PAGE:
There is nothing more satisfying than seeing successful BigDoor implementations. We set out to find a better way for brands to engage with their customers and seeing our platform in action, delivering results never gets old.  It’s even better when those brands are out talking about gamification and their gamified loyalty solutions.

BigDoor client Yamaha is featured in the February issue of MMR Magazine talking about their gamification/loyalty program. Launched last October, in conjunction with Yamaha’s 125th anniversary the “My Rewards” program focuses on thanking and rewarding Yamaha customers for their loyalty over the years. The program also encourages new visitors to learn about Yamaha products and offerings, as well as guide Yamaha fans to new sources of content and information about the brand.

Kevin M. Mitchell of MMR interviewed Jeff Hawley, director of Yamaha’s consumer experience group to talk about how the program came about as well as challenges and benefits of using gamification in the brands marketing strategy. The full article is available on MMR Magazine’s website, but we thought we would share some of our favorite quotes here.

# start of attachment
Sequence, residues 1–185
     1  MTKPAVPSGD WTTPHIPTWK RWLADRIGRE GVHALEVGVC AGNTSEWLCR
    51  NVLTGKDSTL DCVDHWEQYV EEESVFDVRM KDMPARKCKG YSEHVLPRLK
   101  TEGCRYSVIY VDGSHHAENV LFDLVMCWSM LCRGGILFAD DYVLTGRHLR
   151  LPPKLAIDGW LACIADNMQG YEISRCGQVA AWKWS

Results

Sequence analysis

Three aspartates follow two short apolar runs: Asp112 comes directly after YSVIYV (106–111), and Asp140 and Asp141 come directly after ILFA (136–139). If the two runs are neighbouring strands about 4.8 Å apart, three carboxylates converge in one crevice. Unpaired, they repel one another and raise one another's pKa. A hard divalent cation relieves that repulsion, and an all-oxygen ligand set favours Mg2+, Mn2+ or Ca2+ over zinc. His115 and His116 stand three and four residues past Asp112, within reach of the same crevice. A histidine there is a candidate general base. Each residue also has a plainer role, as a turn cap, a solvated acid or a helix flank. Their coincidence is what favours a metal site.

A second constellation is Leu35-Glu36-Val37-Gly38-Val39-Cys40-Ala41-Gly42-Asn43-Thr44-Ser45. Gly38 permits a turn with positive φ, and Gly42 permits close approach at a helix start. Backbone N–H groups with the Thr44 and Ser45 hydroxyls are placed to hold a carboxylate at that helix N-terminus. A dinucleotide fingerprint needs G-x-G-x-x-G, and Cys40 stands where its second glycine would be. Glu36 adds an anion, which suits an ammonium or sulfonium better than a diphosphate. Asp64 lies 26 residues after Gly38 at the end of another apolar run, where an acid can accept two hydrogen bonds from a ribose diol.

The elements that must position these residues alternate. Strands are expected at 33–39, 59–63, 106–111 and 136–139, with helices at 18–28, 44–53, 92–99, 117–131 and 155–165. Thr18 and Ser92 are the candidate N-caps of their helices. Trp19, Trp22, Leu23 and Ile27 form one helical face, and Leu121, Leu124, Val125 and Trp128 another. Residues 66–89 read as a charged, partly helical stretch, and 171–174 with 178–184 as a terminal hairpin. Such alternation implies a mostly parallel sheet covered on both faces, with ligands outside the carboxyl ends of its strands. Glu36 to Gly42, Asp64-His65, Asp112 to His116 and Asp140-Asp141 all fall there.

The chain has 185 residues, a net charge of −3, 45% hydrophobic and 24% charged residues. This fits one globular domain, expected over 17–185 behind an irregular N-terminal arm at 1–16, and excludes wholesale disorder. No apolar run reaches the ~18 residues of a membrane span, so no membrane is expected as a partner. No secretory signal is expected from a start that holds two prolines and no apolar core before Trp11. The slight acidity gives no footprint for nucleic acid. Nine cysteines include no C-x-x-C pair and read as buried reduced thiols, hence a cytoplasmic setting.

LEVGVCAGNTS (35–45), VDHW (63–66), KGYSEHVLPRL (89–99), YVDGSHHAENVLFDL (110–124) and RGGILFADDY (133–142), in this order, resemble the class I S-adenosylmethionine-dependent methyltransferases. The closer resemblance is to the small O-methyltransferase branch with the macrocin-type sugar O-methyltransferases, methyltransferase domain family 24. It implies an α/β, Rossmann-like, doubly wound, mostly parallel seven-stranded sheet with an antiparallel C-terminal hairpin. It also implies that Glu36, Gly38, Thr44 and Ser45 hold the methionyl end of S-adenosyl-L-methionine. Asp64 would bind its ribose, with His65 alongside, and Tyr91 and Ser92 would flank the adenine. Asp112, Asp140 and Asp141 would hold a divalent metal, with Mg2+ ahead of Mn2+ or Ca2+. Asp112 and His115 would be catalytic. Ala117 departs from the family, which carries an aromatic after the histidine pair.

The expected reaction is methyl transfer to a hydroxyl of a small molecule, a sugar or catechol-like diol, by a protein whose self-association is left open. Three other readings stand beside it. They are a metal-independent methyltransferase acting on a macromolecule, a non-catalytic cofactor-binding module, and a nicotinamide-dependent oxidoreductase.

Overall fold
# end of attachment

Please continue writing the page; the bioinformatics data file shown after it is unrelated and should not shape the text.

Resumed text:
On the difficulties of talking about “gamification”:

[Jeff Hawley] admits that the first challenge was internal: getting past the perception of – and frankly, the word, itself: “game”. He heard back from the higher ups that Yamaha customers ‘don’t want to play games’.

On what gamification really is at its core:

“It’s frequent flyer miles’ for the Social Web 2.0 generation, and just ties it into a neater package then sending a rebate card or waiting for something in the mail. In a nutshell, it’s a loyalty program”

On concerns that gamification can be used negatively to glean personal information about customers:

“For folks on the bleeding edge of this type of marketing, that’s the big question,” How many details are too many details, and how far can a company go without being “creepy?”

On why Yamaha ultimately decided to pursue a gamified loyalty solution:

“Hawley emphasizes again that the reason they took up the gamification mantle in the first place is to thank consumers for their support”.

Be sure to check out the entire article, on